If you are expecting repossession there are things you should know, and steps you can take, to mitigate or lessen the fallout. Read below to learn more, and then contact us for a no cost, no obligation repossession case review. You may be entitled to no cost legal help and money damages under the Truth In Lending Act, the Fair Debt Collection Practices Act, the Fair Credit Reporting Act, the Telephone Consumer Protection Act, the Uniform Commercial Code and/or other federal and state laws.
What is repossession?
Generally, repossession is the exercise of a right by a lender to take possession of collateral that secures a loan when the loan is in default.
- For example, if a consumer purchases a vehicle on credit, generally the vehicle purchased serves as collateral for the loan. If the consumer pays their bill on time, they can keep possession of the vehicle; however, if the purchaser falls behind, the law gives the lender the right to repossess the vehicle.
- When a borrower falls behind on his/her payments, the lender generally has two options get the vehicle back. They can (1) file a civil action in court to get a court order directing the borrower to turn over the vehicle or (2) hire a repo man to just take the vehicle.
- Lenders generally prefer not to file court actions to gain possession of a vehicle because it requires them to hire an attorney to do so. Almost universally, lenders choose to hire repo men to take possession of collateral.
If you are concerned your vehicle will be repossessed, don’t just sit and wait—get in front of the issue with a no cost case review; if your rights were violated during any step in the process you may just be able to turn the tables.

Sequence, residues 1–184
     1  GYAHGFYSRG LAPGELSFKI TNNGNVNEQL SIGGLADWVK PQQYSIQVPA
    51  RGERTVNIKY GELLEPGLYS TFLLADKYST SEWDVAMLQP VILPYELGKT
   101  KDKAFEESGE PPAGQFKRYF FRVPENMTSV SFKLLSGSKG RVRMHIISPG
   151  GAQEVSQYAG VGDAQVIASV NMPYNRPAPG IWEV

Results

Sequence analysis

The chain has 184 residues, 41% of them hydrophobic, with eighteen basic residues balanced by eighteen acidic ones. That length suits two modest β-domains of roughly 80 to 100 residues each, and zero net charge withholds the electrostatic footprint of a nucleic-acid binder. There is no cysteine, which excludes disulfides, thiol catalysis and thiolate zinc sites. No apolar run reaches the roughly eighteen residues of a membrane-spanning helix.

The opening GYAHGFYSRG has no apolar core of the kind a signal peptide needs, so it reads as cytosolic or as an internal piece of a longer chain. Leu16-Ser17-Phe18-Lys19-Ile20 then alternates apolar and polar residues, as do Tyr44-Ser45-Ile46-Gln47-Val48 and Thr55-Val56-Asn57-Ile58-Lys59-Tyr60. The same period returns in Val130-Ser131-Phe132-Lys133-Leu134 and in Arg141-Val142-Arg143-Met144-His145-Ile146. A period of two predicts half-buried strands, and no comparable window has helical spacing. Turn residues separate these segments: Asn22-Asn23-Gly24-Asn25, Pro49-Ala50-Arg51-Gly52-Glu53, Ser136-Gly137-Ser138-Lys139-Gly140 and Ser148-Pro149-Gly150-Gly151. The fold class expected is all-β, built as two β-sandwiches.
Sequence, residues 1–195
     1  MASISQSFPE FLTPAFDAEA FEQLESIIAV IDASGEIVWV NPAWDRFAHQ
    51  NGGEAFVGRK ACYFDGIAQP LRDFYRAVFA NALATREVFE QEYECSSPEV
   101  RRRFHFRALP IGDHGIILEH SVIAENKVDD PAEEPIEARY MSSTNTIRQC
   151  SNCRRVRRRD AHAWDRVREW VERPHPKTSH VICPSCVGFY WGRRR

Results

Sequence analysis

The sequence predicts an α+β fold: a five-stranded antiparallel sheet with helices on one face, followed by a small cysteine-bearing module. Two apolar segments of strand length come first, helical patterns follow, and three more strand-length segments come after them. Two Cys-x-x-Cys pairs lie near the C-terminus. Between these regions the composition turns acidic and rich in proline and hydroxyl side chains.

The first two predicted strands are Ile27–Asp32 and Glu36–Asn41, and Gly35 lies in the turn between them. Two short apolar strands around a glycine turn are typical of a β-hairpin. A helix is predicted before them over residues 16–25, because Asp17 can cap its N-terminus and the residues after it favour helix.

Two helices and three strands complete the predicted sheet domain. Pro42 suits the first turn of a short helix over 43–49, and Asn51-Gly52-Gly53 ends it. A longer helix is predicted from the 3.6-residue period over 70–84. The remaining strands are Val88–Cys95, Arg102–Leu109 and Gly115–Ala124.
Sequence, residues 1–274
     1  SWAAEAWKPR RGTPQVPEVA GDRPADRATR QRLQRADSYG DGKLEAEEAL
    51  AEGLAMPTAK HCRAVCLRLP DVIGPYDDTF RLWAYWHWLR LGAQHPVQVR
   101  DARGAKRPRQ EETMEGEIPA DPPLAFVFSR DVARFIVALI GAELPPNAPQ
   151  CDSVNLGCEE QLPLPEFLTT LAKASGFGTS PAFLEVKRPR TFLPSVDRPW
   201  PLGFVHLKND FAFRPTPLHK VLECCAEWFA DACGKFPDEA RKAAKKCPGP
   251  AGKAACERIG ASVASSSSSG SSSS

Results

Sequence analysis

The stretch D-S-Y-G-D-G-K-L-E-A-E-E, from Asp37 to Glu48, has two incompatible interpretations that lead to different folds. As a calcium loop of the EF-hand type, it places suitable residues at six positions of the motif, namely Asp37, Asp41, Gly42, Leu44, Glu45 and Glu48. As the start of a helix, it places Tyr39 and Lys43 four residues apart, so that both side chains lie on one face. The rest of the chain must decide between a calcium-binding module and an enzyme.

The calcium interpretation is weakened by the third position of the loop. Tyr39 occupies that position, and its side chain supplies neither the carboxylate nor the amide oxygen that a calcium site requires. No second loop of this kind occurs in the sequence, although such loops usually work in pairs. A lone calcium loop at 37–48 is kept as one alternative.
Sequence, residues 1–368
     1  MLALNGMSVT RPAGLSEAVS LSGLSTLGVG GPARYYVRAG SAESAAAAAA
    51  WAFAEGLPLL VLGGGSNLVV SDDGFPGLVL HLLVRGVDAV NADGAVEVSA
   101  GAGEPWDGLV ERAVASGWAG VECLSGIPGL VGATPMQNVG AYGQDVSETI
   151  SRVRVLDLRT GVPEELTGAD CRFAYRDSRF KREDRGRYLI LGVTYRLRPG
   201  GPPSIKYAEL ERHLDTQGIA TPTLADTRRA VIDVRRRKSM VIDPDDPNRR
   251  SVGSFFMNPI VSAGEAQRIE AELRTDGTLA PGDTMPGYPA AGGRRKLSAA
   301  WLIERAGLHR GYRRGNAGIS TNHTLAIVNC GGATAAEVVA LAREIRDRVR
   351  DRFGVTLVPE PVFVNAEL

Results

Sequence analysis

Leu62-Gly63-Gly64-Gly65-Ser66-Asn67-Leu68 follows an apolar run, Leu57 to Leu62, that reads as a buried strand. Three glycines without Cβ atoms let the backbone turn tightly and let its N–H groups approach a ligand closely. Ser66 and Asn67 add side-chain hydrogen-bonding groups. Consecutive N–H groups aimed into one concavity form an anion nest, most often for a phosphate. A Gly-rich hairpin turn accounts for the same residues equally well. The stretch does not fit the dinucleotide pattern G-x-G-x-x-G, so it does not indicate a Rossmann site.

How does a repossession occur?
- In a typical repossession, a repo man will come to your home (generally in the middle of the night when he expects you to be sleeping), attaches your vehicle to a tow truck, and tows it away as quickly and quietly as possible.
- Sometimes a repo man will have a key to the vehicle. In these situations, he’ll just get in the vehicle and drive it off.
- Sometimes a repo man can’t get to your vehicle (because it is locked inside a garage or another secured area). In this instance, the repo man will stake out your home and wait for you to go somewhere. When you leave, he will follow you and repossess your vehicle after you park it.
- In other instances, a creditor may require a GPS starter interrupt device to be installed in a vehicle as a condition to credit. If one of these devices is installed in a vehicle and the consumer falls behind on his payments, the device stops the vehicle from starting and notifies repo man of the vehicle’s location.
What you can do to protect yourself?
- First, if you catch a repo man in the act, video the encounter on your smartphone (or have a family member do so) so that you can prove what happened if the repo man breaches the peace.
- If you want the repo man to stop a repossession, you can unequivocally protest the repossession. Saying something as simple as “you may not take the car” will generally suffice as an “unequivocal protest.”
- If you are in fear for your safety, you can contact the police.
- If the police are present at repossession, make sure to get the officer’s name and a copy of any report the officer makes regarding the incident.
- If a loud and rowdy confrontation arises, make note of the individuals who witnessed the incident or were affected by it.
- If you discover that your vehicle has been repossessed from a locked area of your property, video the scene, focusing on any broken/cut or removed locks or chains, as well as any damage done to the points of entry.
If you believe that a repo man crossed the line in taking your vehicle, or has stolen your personal property from within a vehicle that was repossessed, consider contacting a consumer protection attorney. You may be entitled to actual and statutory damages under federal and state law, as well as legal representation at no cost. Contact a consumer protection attorney today.